During an Illinois senatorial debate last week, incumbent Sen. Mark Kirk (R–Ill.) disparaged House Representative Tammy Duckworth (D–Ill.) as she discussed her family’s service in the American Revolutionary War and her general perspective of American military interventions abroad. Kirk replied to her remarks by saying, “I had forgotten that your parents came all the way from Thailand to serve George Washington.”
Duckworth, a veteran who lost her legs after her helicopter was shot down in Iraq in 2004, is a genealogical descendent of proponents for American independence through her father,
who is a veteran of the Vietnam War. She is also a Bangkok-born daughter of an immigrant from Thailand. What Kirk said not only smeared Duckworth, but also blatantly disrespected both the value of service members in the United States and the important contributions immigrants make in our society.
From this incident, students should not only be reminded to respect working through the differences between members in our community, but also the value of bringing people of different backgrounds and creeds together in a single campus. In a community as pluralistic and diverse as Georgetown’s, so many of our students, faculty and staff belong to a rich amalgamation of different nations, histories and creeds, coming from both long American lineages and first-generation families.
The impact immigrants have had in the formation of this country is undeniable, with their ancestors having laid the foundation for modern-day America in the form of this country’s original revolutionary ideals and first immigrants: colonizers and puritans in the 16th and 17th centuries. In the modern day, according to the National Academy of Sciences in 2013, over 28 percent of all immigrants arrived in the United States with at least a bachelor’s degree. Between 2003 and 2013, 86 percent of foreign-born men were employed, compared to 82 percent of native-born men in the labor force.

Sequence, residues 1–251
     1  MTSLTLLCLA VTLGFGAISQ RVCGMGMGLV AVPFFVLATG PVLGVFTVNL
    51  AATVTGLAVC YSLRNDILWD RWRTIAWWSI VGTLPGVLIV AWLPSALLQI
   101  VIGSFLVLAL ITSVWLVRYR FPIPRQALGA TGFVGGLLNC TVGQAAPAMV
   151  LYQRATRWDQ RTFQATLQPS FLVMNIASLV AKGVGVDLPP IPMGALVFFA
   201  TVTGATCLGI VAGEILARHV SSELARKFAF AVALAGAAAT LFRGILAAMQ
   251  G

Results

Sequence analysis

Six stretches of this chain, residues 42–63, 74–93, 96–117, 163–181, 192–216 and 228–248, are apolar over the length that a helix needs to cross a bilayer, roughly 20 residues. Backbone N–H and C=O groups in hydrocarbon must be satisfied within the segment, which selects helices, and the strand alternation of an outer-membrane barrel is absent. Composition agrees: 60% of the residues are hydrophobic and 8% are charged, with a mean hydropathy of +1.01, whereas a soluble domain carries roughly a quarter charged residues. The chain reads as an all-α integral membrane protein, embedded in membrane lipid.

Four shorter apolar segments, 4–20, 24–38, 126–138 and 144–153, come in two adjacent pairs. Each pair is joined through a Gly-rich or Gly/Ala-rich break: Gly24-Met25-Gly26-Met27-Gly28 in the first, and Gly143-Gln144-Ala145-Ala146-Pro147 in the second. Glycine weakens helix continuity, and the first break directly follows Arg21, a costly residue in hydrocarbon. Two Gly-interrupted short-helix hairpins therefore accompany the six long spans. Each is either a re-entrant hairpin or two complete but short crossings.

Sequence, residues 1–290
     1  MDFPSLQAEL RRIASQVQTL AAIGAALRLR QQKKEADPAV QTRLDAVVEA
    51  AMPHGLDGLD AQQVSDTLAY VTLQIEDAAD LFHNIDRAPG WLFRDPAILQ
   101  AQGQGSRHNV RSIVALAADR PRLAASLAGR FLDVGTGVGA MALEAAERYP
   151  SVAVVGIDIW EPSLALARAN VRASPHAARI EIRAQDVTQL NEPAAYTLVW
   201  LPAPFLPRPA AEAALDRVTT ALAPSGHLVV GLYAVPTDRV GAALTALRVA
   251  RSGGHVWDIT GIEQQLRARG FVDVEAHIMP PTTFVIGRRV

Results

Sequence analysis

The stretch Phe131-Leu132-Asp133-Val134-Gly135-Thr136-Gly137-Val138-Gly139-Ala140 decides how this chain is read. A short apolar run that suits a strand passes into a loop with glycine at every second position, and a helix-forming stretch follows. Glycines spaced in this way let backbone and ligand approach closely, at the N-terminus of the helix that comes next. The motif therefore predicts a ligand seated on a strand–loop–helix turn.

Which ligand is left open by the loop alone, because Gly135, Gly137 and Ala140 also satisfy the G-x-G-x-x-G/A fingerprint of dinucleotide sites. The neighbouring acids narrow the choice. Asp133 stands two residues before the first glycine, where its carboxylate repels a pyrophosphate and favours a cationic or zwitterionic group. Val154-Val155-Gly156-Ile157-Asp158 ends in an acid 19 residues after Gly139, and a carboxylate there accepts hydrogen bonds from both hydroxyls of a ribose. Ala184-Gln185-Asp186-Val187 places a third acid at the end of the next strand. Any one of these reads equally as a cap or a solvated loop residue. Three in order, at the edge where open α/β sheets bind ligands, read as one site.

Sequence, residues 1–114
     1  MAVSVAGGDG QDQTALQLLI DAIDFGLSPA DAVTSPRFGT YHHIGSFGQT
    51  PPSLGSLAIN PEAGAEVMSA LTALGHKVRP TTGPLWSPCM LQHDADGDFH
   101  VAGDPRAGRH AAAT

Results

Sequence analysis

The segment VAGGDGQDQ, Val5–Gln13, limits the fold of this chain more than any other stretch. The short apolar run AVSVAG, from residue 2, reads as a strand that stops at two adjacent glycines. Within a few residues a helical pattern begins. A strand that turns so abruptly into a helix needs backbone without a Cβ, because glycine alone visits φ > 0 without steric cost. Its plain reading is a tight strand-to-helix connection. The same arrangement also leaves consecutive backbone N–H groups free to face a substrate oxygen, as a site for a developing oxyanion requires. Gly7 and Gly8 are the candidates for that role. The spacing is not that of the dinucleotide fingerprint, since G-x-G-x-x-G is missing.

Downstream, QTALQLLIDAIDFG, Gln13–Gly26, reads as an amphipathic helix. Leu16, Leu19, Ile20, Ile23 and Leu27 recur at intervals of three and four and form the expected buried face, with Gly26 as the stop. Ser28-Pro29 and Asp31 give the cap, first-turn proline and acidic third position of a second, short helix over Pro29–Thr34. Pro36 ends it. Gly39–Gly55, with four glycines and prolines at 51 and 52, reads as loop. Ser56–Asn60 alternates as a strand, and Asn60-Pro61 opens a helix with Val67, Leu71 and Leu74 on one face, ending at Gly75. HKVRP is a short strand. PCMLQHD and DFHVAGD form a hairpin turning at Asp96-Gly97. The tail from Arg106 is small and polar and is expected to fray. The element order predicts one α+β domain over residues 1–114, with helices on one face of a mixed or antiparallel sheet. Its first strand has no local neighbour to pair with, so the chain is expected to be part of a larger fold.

Even within our gates, immigrants, descendeants of immigrants and those from other countries contribute daily to Georgetown. Such individuals are professors, staff members, student leaders and chaplains. Our community is an example of how communities can be made stronger and more vibrant with people from varying backgrounds. Even so, there still exists a tangible anti-immigrant sentiment beyond our gates. A Pew Research Center poll from 2015 found that at least 34 percent of Americans believe immigration does not benefit the country in the long run. Fifty percent also claimed that immigrants commit crime and weaken the domestic economy.
Contrary to stereotypes prevalent in today’s media, the same report found that immigrants are actually some of the least criminal individuals in the United States, while individuals born in the United States are nearly five times as likely to commit crimes as immigrants.
The facts simply do not match up with the narrative of anti-immigrant sentiment that currently exists in this country. Yet Kirk’s remarks during the debate went beyond disdain for immigrants. He belittled Duckworth’s military service to this country, and the service of so many others, by bringing up immigrant heritage as a probable cause for criticism.
Duckworth is a decorated veteran, receiving two Purple Hearts for her service in Iraq. She is just one example of what immigrant families can bring to the country. Another example of valuable contributions from an immigrant comes from a man who has received much attention this year, deceased Army Capt. Humayun Khan, the son of Pakistani parents and a man who sacrificed his life to save members of his platoon when he confronted a suicide bomber in Iraq in 2004.
Khan’s and Duckworth’s stories — and the stories of so many other service members and immigrants alike — should teach us how one’s service to this country should not be viewed through the lens of your country of birth. Recognition should simply be based on the service itself, something Kirk failed to understand with his remarks.
On campus, honoring the stories and backgrounds of one another brings us a step closer to respecting the role immigrants play in all our lives, as well as in the success of this country. This respect is something we as a campus need to understand and seek to perpetuate on a daily basis.
Have a reaction to this article? Write a letter to the editor.